Learning-associate programs invite students to the 'real world' to Bates

Novelist Carolyn Chute and the owners of an organic Maine farm are among the specialists working with students in two innovative programs that are engaging the campus with the world outside.

One in the humanities, one in environmental studies, these “learning associates” programs enrich the curriculum with the real-world experience and perspectives of top practitioners in an occupation related to some aspect of the curriculum. “The students’ minds are opened to something beyond the immediate classroom,” says Judith Robbins, the Mellon learning associate in the humanities.

Many of these practitioners are from Maine. Terry and Mark Silber, who run Hedgehog Hill Farm in Sumner, are teaching a seminar on organic farming in the environmental studies program. A well-known Maine novelist, Carolyn Chute worked with students in creative writing and storytelling courses this semester as part of the senior thesis program.

Students found the interaction with Chute eye-opening, says Robbins. Chute, author of the acclaimed The Beans of Egypt, Maine (Ticknor & Fields, 1985), is an outspoken champion of Maine’s rural poor. Robbins says that several students, in evaluating the sessions with Chute, explained how she made them newly aware of Maine’s economic divisions.

One student, self-described as someone from a “middle-class family who had never had the chance to meet real, true working-class people,” realized the “similarities of all types and classes of people.” Another wrote simply that that Chute “opened my eyes to a new way of viewing literature.”

The environmental studies program involves the humanities, the natural sciences and the social sciences. The Silbers’ upper-level seminar explores the practical and ethical aspects of environmentally sustainable farming. The Silbers are the authors of Growing Herbs and Vegetables From Seed to Harvest (Knopf, 1999).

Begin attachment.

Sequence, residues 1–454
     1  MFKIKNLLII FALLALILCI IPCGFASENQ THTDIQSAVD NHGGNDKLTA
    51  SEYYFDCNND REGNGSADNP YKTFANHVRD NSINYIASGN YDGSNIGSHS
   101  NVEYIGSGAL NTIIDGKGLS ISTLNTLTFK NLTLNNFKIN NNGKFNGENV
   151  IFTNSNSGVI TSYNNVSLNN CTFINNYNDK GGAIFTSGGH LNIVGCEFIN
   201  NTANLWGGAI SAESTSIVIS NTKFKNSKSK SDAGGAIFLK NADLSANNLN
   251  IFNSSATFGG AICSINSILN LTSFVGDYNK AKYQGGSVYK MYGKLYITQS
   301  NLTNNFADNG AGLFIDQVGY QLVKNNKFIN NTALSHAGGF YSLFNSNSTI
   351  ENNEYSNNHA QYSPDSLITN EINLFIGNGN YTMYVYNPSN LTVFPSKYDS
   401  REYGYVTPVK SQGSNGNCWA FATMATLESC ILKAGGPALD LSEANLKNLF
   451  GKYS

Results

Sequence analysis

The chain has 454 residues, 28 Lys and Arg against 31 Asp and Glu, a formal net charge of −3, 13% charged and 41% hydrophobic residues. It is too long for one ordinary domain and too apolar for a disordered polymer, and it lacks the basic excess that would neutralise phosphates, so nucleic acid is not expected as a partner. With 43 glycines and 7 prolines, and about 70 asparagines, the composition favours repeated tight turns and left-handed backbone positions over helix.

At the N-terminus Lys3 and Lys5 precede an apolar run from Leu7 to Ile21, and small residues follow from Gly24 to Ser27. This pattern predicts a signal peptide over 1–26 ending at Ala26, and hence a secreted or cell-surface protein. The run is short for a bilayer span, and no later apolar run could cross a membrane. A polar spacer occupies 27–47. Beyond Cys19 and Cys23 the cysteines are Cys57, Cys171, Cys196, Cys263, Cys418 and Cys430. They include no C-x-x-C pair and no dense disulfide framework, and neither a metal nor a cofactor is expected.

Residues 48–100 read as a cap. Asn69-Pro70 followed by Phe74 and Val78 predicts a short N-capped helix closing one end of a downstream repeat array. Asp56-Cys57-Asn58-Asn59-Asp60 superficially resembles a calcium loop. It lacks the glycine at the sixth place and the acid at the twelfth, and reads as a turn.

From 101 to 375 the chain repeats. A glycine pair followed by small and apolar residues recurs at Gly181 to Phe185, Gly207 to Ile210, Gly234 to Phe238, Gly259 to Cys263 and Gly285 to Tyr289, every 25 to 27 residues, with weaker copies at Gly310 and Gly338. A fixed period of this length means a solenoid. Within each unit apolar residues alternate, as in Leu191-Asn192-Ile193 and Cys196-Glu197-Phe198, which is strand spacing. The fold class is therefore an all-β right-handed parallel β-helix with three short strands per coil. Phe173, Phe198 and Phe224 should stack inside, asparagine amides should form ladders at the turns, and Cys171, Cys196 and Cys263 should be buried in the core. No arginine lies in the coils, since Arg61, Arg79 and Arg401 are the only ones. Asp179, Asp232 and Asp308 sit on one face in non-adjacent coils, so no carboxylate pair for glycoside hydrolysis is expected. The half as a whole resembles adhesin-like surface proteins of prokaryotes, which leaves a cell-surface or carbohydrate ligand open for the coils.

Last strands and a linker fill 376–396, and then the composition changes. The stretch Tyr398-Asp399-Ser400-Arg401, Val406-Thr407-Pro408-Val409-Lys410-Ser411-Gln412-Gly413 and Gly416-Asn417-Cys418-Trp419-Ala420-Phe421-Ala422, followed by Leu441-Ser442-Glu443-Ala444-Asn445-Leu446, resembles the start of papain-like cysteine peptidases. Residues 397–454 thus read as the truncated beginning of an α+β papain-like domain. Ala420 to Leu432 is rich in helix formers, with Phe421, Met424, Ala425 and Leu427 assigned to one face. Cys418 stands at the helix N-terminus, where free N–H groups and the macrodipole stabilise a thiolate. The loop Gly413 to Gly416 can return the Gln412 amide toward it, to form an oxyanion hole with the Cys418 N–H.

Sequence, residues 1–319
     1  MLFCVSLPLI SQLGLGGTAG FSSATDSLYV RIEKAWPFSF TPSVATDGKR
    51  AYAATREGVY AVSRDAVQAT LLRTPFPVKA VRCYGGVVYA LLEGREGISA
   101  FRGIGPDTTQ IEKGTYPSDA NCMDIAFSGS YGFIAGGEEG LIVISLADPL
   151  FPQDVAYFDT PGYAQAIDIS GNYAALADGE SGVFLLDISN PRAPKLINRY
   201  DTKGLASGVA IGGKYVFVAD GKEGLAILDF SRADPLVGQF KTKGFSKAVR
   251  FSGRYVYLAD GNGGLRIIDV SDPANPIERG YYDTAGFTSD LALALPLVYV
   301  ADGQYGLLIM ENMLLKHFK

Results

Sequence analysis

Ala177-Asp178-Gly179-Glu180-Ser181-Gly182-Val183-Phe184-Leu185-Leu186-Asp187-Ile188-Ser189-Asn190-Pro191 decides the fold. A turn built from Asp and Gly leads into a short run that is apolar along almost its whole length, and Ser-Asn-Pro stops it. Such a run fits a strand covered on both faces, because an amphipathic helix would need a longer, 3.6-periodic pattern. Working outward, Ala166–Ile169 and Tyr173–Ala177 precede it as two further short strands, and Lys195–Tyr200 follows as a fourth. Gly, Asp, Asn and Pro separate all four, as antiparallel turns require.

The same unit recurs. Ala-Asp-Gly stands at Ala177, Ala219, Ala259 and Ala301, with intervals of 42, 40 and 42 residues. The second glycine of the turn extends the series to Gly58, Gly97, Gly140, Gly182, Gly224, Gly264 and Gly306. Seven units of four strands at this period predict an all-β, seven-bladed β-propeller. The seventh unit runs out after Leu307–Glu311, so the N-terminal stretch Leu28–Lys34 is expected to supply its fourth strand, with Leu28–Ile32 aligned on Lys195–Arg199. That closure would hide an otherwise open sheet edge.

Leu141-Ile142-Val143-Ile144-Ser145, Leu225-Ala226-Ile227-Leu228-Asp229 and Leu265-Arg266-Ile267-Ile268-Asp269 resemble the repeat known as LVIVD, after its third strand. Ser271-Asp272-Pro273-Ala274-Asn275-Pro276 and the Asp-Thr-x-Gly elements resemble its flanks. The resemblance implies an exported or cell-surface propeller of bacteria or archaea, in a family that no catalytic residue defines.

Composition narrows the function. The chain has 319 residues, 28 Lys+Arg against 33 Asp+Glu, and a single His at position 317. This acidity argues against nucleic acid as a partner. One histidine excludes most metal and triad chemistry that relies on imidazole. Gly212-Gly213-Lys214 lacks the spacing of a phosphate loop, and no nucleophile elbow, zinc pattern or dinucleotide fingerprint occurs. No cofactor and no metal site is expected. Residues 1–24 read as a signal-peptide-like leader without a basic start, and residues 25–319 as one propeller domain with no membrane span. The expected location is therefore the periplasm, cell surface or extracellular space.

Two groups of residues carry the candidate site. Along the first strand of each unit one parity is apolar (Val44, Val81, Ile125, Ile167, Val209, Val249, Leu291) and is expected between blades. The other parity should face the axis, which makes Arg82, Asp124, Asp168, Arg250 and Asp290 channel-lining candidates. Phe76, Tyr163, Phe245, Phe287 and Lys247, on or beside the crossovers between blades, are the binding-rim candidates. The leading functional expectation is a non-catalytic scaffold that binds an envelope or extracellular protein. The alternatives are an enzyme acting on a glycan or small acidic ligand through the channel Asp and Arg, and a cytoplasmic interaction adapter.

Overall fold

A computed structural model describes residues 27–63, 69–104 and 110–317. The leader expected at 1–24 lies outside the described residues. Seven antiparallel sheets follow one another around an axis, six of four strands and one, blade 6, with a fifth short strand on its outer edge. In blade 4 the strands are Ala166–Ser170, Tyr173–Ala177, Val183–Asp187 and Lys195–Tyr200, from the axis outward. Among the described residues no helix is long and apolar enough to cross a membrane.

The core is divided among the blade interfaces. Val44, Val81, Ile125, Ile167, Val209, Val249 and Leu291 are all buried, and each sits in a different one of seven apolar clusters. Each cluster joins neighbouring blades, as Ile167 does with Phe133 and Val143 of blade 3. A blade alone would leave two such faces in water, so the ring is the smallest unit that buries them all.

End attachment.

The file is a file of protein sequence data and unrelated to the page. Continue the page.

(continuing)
Camille Parrish is the environmental studies learning associate. Through setting up internships and engaging guest faculty like the Silbers, Parrish helps environmental studies majors connect their classroom work with real-world environmental issues as near as the campus and as far away as Thailand. By involving students with such local organizations as the Bates Mill Redevelopment Corporation and the Maine Rural Workers Coalition, Parrish also furthers another primary Bates goal: strengthening ties with the community.

In fact, the learning-associate initiative evolved in 1999 from President Donald Harward’s drive to engage the college with the world outside campus in more concrete and meaningful ways. (Harward retires at the end of June 2002.)

The New York-based Andrew Mellon Foundation awarded two grants last year to support the initiative. A $300,000 grant is supporting the learning-associate component of the environmental studies program, as well as the purchase of equipment. A $450,000 grant is funding the Mellon Learning Associates Program in the Humanities, now in its second semester.

In addition to Chute, the humanities program this semester is funding Denis Ledoux, a Francophone Maine memoirist, Lake Affect, a Buffalo-based sound performance quartet, a writing specialist in the Spanish language, poets, pianists and a dance critic.

Comments are closed.